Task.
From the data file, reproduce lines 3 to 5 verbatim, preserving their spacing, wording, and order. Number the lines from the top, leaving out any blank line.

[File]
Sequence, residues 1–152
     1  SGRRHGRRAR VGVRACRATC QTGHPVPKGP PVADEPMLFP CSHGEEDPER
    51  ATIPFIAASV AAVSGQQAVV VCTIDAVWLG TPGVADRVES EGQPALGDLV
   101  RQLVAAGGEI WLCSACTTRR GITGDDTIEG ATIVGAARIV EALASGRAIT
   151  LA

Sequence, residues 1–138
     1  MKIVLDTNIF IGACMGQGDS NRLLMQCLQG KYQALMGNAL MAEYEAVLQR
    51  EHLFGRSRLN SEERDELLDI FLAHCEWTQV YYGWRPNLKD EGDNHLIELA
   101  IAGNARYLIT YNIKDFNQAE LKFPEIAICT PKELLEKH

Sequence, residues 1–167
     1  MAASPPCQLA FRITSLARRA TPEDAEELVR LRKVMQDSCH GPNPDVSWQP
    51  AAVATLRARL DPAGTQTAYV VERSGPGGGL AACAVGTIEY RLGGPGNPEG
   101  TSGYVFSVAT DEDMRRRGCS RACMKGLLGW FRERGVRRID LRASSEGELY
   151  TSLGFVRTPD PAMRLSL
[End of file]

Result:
    51  ATIPFIAASV AAVSGQQAVV VCTIDAVWLG TPGVADRVES EGQPALGDLV
   101  RQLVAAGGEI WLCSACTTRR GITGDDTIEG ATIVGAARIV EALASGRAIT
   151  LA